Just in case there was anyone still out there mistaking me for some sort of domestic diva, or even a moderately skilled at being domestic, you should know that it has taken until the spring of the year 2016, nearly a full decade after starting a food website where I’ve had the brass to coax others along in the kitchen as if I had some sort of innate greater understanding of it, for me to learn how to use my broiler. Prior to
consulting experts reading my oven’s manual um, Googling it a few months ago, I couldn’t for the life of me figure out why other people managed to broil things whenever they needed for as long as they needed but mine shut off after 4 minutes. It turns out that cracking open the oven door keeps the temperature from getting so high in the oven that it goes into a panic a shuts off, freeing me fulfill my lifelong fantasy of setting all my food on fire.
I’m only a little bit joking. Last summer, trying to return to a level of normalcy in the weeks after bringing the sweetest potato home from the hospital, Alex and I spent a week Netflix binging on the first season of Chef’s Table and I fell head over heels for cooking I will probably never experience in my life, that from Francis Mallmann, the Argentine chef whose specialty is wild, open-fire cooking — everything over wood fire, usually in an open pit, on cast iron planchas and parrillas, and sometimes in the ashes too. And his food looks out of this world — even something as simple as a cheese toast made with a log of goat cheese you can get at your local Stop & Shop is transformed in a griddle over open flames into a crisp, golden-brown crusted melt that I would climb through a television screen to get at. The episode ended and I declared it time to get a fire pit. My husband cited fire codes and other pesky side effects of living in the Lower East Side of Manhattan. I sulked.
But now that I have a functioning broiler — or, to be clear, now I am functioning at using my broiler — and at least the tiniest portion of this desire to cook and eat artfully charred food is sated. I am also now able, at last, to return to some of the simplest delights of high-heat cooking, in this case, broiled citrus. We’re at the tail end of peak citrus right now as (hopefully) we’re going to be reacquainted with fresh, local spring produce soon, and I wanted to have one last hurrah with the Moros, the Cara Caras and Minneolas before they’re gone. Broiling them with a thin schmear of light brown sugar transforms them into something even more special, a fleck of burnt sugar bitterness with the tang of pineapple in the running juices. Chilling them when you’re done creates a distant relative of a compote that you can use for anything you please over the next week — on pancakes, with yogurt and mint for a luxe breakfast or light dessert, or even with a scoop of vanilla ice cream for an unexpected treat, and I didn’t have to break any laws to pull it off.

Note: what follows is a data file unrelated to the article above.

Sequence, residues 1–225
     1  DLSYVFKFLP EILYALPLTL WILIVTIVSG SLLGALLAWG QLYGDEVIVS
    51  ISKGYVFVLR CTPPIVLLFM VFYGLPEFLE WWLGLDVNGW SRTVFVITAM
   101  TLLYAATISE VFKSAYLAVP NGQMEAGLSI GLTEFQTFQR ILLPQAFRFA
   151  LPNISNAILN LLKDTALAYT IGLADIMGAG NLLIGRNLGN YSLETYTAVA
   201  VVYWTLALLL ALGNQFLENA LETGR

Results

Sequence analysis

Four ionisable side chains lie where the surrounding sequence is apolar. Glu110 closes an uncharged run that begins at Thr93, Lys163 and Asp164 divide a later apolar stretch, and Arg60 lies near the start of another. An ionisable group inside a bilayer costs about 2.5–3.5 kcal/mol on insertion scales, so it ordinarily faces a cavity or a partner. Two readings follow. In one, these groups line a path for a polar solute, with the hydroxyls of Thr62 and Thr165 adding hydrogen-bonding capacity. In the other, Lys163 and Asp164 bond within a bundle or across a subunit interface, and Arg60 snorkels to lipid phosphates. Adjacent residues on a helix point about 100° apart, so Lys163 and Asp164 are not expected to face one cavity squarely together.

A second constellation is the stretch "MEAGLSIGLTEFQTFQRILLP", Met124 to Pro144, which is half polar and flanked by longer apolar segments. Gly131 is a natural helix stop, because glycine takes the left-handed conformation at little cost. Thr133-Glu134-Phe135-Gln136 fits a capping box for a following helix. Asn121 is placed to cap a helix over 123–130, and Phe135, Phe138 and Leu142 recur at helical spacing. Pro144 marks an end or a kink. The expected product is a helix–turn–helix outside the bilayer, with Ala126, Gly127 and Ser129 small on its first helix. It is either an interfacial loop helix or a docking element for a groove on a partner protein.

One year ago: Wild Mushroom Pâté
Two years ago: Three-Bean Chili
Three years ago: Lentil and Chickpea Salad with Feta and Tahini
Four years ago: Raspberry Coconut Macaroons
Five years ago: Spaetzle
Six years ago: Romesco Potatoes
Seven years ago: Cream Cheese Pound Cake with Strawberry Coulis
Eight years ago: Swiss Easter Rice Tart
Nine years ago: Rich Buttermilk Waffles
And for the other side of the world:
Six Months Ago: Broccoli Cheddar Soup
1.5 Years Ago: Latke Waffles
2.5 Years Ago: Frico Grilled Cheese Sandwiches
3.5 Years Ago: Crackly Banana Bread
4.5 Years Ago: Apple and Honey Challah
Burnt Sugar Oranges with Yogurt and Mint
Inspired by this combination from Nigella
Let this be my contribution to the “no recipes” movement, because you are not going to need one here. What you need is some brown sugar, a few oranges, even imperfect ones, some yogurt and a few leaves of mint. You do not need measuring spoons. You will be most successful if you keep an eye on it, as broilers will vary in how fast they get things done. But, here’s roughly how to do it:
A few oranges, even imperfect ones
Nonstick cooking spray
A little light brown sugar
Plain Greek yogurt
A few leaves of mint, sliced thin
Heat your broiler.
Cut tops and bottoms off oranges, exposing the flesh inside and creating a flat edge that you can stand it up on. Then slice off all the white from each orange. Cut skinned oranges into 1/2-inch crosswise slices, so that each resemble a wheel or flower.
Line a heavy baking sheet with foil and lightly coat it with oil or a nonstick spray. Arrange orange slices in one layer on it. Dab or schmear each with a little bit of brown sugar — I used about 1/4 teaspoon on each. Run under the broiler until they begin to brown on top; this can take anywhere from 5 minutes in a very good broiler to 10 to 15 in my sleepy one. Keep an eye on it.
Transfer oranges and any juices on tray to a bowl, cover with plastic wrap and chill in the fridge for several hours or overnight. More juices will have puddled by the morning. Place a few orange slices in a small glass or cup, top with yogurt, a spoonful of juices and mint.